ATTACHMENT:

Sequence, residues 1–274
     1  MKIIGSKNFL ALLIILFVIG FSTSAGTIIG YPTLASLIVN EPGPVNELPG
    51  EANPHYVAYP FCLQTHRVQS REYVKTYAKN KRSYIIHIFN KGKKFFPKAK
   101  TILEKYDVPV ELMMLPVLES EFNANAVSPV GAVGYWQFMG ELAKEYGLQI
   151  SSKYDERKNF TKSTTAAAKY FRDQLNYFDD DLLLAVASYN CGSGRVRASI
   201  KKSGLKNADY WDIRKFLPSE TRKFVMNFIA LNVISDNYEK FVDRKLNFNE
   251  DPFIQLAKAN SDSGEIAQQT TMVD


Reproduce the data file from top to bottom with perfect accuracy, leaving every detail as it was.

Sequence, residues 1–274
     1  MKIIGSKNFL ALLIILFVIG FSTSAGTIIG YPTLASLIVN EPGPVNELPG
    51  EANPHYVAYP FCLQTHRVQS REYVKTYAKN KRSYIIHIFN KGKKFFPKAK
   101  TILEKYDVPV ELMMLPVLES EFNANAVSPV GAVGYWQFMG ELAKEYGLQI
   151  SSKYDERKNF TKSTTAAAKY FRDQLNYFDD DLLLAVASYN CGSGRVRASI
   201  KKSGLKNADY WDIRKFLPSE TRKFVMNFIA LNVISDNYEK FVDRKLNFNE
   251  DPFIQLAKAN SDSGEIAQQT TMVD